One in seven Nashvillians do not have access to the food they want and need.
The Nashville Food Project is a community organization that brings people together to grow, cook and share nourishing food with others.
Founded by Tallu Schuyler Quinn, Harpeth Hall's 2020 Alumnae Spirit of Service Award recipient and a 1998 graduate, the Nashville Food Project's model is based on the belief that hunger is connected to issues like affordable housing, healthcare, and systemic racism.
September is Hunger Action Month, and Harpeth Hall students are leading an effort in partnership with students at Ensworth and the University School of Nashville to collect food for the Nashville Food Project and to do their part in addressing hunger within our community.
"We wanted to start this drive, because we felt like it would be an impactful and safe way to help food-insecure families," said Harpeth Hall senior Clara Murff, one of the food drive organizers. "The Nashville Food Project was also founded by a Harpeth Hall alum, so it provides a great opportunity to support a member of our own smaller Harpeth Hall community."
To participate, Harpeth Hall students can bring donations and place them in bins around campus anytime from September 16-25. The community is invited to participate in a drive-thru drop off from 9-11 a.m. on September 19 at the Middle School's Hobbs Road entrance.
The Nashville Food Project's most-needed items include: Whole wheat penne pasta, extra virgin olive oil, brown rice, shelf-stable containers of bone broth and chicken, beef, or vegetable broth or stock. Nashville Food Project cooks in big quantities, so large packages are welcome.
Nashville Food Project's approach is different from "emergency" food, because the organization believes "that all the food in the world will not solve hunger." Instead, Nashville Food Project serves hot, healthful meals in partnership with more than 40 nonprofits across Nashville that work to disrupt poverty in various ways. The work is often focused on at-risk youth, refugees, homeless and meals for seniors.
Food drives like those happening at Harpeth Hall support Nashville Food Project's meals program. Right now, the organization prepares and shares about 4,500 meals a week.
"COVID-19 has impacted us individually in so many ways; however, it is important to see the bigger picture on how it has impacted our community, especially those who are less fortunate," said Harpeth Hall senior Taylor Kappelman, who is also helping to organize the food collection.
"This food drive allows us to maintain physical distance while at the same time come together and unifying over one cause: Hunger in Nashville."
Honoring the Selfless Spirit of a beloved alumnae
Finding value in struggle is one of the life skills Nashville Food Project founder Tallu Schuyler Quinn connects to her experience at Harpeth Hall, along with searching for creative solutions to multi-faceted problems.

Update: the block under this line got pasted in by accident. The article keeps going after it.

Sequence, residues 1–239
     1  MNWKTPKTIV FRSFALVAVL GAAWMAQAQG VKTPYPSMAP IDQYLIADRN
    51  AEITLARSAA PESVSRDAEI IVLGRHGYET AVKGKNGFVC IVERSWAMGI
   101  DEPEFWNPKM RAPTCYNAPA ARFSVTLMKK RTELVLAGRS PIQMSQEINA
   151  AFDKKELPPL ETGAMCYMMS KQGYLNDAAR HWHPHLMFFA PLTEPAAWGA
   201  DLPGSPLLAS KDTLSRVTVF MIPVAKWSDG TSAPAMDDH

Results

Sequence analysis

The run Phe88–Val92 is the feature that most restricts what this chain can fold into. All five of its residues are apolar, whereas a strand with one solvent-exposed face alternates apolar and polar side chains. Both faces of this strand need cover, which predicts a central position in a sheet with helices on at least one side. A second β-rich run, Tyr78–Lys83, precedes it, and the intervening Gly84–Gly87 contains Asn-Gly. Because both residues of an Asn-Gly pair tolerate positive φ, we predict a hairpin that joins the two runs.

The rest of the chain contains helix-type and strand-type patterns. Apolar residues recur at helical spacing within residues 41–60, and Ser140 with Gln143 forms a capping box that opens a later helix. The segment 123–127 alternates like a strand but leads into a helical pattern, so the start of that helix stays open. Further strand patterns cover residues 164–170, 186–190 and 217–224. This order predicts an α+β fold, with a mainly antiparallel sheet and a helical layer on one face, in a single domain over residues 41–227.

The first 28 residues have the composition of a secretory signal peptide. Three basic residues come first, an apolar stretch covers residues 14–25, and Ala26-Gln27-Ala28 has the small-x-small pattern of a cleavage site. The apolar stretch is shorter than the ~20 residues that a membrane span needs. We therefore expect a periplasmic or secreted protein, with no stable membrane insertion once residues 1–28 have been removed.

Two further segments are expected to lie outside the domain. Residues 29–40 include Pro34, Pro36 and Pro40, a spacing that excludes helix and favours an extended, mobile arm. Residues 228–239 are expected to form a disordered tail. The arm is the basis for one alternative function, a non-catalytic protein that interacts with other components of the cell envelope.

In a Hallways magazine article honoring her work, Tallu reflected gratefully on having received encouragement from faculty to simply be herself and to dive deeply into her varied interests.
In her case, she has always enjoyed cooking, learning about agriculture, social justice, and people. She is also passionate about eradicating poverty and noted, "for me, that was a bunch of things that turned into a career I love, and I'm lucky for that."
Her affirmative experiences at Harpeth Hall are reflected in her hopes for current students and young alumnae looking to build a better world: "When we have the privilege of piecing together or finding a fit in the world to make us come alive and affect the community around us, that's a gift," she said in a Spring 2020 article published in Hallways.
Tallu emphasized that today's students have multiple avenues through which to effect change, because "any big lasting positive social change requires effort from every angle. You can do that in industry, through research, in education and teaching, with on-the-ground activism, by writing influential books or starting a podcast."
The Harpeth Hall students organizing this month's food drive hope this initiative is another way to live out the school's mission to think critically, lead confidently and live honorably.
"Harpeth Hall strives to think critically, and I think that this drive proves that we can do so and apply it to real-world scenarios," Clara Murff said. "Even when it may be easier to not do any service because of the coronavirus, we have (metaphorically) come together to donate to the Nashville Food Project!"
Join Harpeth Hall in supporting Nashville Food Project
September is Hunger Action Month, and Harpeth Hall students are joining forces with Ensworth and the University School of Nashville in a food drive with the goal to collect the biggest donation of much-need pantry items the Nashville Food Project has ever received. We need your help!
Who: Harpeth Hall students and the Nashville community
What: Food Drive for Nashville Food Project's wish list:
· whole wheat penne pasta
· extra virgin olive oil
· brown rice
· shelf-stable containers of bone broth
· chicken, beef, or vegetable broth or stock
*Since NFP cooks in big quantities, they welcome large containers and packages.
When: Community drive-thru drop off, 9-11 a.m. on September 19; Student drop off in bins around campus September 16-25.
Where: Harpeth Hall Middle School drop-off driveway (3801 Hobbs Road entrance)
Why: To benefit the Nashville Food Project and to do our part in addressing hunger within our community. We also honor our 2020 Alumnae Spirit of Service Award recipient and founder of the Nashville Food Project, Tallu Schuyler Quinn '98.
Other Details: To follow safety protocol, we ask that you please wear a mask, remain in your car, and place your donations in your backseat or trunk prior to arriving. Masked student volunteers will come to your car to collect the items during drop-off.